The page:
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Ranching

Now, Then, And Way Back When...

TABLE OF CONTENTS: Chapter 1.................................................Introduction Chapter 2.................................................The Okanagan Valley Chapter 3.................................................The Similkameen Valley Chapter 4.................................................Merritt and the Nicola Valley Chapter 5.................................................Kamloops and the Thompson Valley Chapter 6.................................................The Cariboo and Chilcotin Chapter 7.................................................The Boundary and Kootenays Chapter 8.................................................North Central BC and the Peace River area Chapter 9.................................................Colony Farm in the Fraser Valley Chapter 10 ...............................................Cattlemen's Organizations Epilogue Bibliography & Index

Compiled and written by Doug Cox Graphic Arts & Cover Design by Marvin Peters Printed in Canada by Friesens Printers ©2004 Skookum Publications 1275 Riddle Road Penticton, BC V2A 8X2 Library Cataloguing Information ISBN: 0-919773-12-5 Ranching: British Columbia History Ranching: Similkameen Valley Okanagan Valley Nicola-Merritt Thompson-Kamloops Cariboo-Chilcotin Boundary-Kootenay North Central & Peace River Colony Farm, Fraser Valley Cover photo: Shuter Family Ranch at the Springs, Shulus, near Merritt.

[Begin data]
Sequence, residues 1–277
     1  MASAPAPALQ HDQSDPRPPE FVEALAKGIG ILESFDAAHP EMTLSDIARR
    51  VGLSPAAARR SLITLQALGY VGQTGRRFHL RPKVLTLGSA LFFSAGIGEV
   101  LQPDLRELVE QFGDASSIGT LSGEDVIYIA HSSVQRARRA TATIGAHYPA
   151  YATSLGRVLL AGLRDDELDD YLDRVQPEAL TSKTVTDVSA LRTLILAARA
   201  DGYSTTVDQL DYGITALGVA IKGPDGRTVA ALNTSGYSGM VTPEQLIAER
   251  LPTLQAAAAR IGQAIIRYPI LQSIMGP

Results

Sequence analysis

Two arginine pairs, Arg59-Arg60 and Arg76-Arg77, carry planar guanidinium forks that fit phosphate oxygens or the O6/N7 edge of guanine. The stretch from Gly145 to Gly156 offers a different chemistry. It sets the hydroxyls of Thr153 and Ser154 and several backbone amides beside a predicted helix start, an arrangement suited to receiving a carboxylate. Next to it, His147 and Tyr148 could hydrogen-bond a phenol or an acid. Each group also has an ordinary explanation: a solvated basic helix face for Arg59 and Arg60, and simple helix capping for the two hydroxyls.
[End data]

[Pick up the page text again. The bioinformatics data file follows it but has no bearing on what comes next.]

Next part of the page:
was so impressed with the country that he went back to England for his family, and emigrated to Canada and the Nicola Valley. William moved to what is now the Pooley Ranch on the Mamit Lake Road and raised sheep. Bill Pooley, Gordon Pooley's father was born there. The Pooley brand was 6P, so named for William and his wife and the four children. Bill Pooley was the seventh member of the family, so the brand was not accurate. The Stephen's brand was 7B which stood for seven brothers. At that time it was suggested that the sheep farmers be away from the valley bottom and the cattle raisers. William Pooley had a band of two thousand ewes. Their range was to the north of the present ranch and followed the grass to higher elevations, on a much smaller scale than the Herons of Kamloops, who had an estimated band of 10,000 sheep." Gordon Pooley worked with his father, Bill Pooley, at the ranch when he was a lad. They lived in Merritt and commuted to the ranch. "My first job that I can remember was rolling the bales away from the edge of the field so my dad could go back and bale the first round against the edge of the field. The going rate of pay for farm workers at that time was $6.00 per day and board. I got $3.00. I learned to survey ditches from my father, Bill, who taught me, and had learned from his father. My dad looked after the day to day operations of the ranch. To survey a ditch for ditch irrigation one uses two sticks, one six inches longer than the other, and a small hand held level, and two people. Start at the water source or lake and the person with the shorter stick walks off twenty five paces from the person holding the level. The person with the level puts it on the top of the sick and sights the person twenty five paces away, who goes up and down the hill till he reaches a level sighting. At that point he puts a stake in the ground to indicate the course of the ditch. That will give the ditch a six inch drop in twenty five paces, which will never erode or silt in. The grade is such that the water in the ditch will carry any silt with out filling in the ditch, and the water will not flow so fast that it will erode the bottom of the ditch. A lift of hay being placed on a haystack with a boom stacker. The wagon was used to bring the crew and their dinner to the hay field if they were a distance from the cookhouse at noon. The people in the wagon are probably visitors. Lorna Rounds' photo, 1930. My mother, Barbara's family, Bart and Beatrice Dodding, came from England in 1901 with their five children. My grandfather, Bart Dodding, was a contract thresher and went around threshing grain for the landowners. He was more of a farmer than a rancher, in that he used irrigation and grew crops. They did have hayland and Hereford cattle. In the Nicola Valley one cannot make a living farming or ranching without water. Huge tracts of land are useless unless they are irrigated. The valley also depends on rains in the early summer for moisture. My father told me about the Heron Brothers who were sheep ranchers near Kamloops. They ranged their sheep toward Knutsford and Napier Lake, and then to the open grassland of Stump lake through to Merritt and beyond down toward Lower Nicola. There was a little ferry across Petrei Creek, and from there the sheep were grazed up to Honeymoon Pass and Hoosham Pass country, which overlooks the Thompson River Valley near Boston Bar. The Herons had a huge house with a verandah all around near what is now the Aberdeen Mall in Kamloops.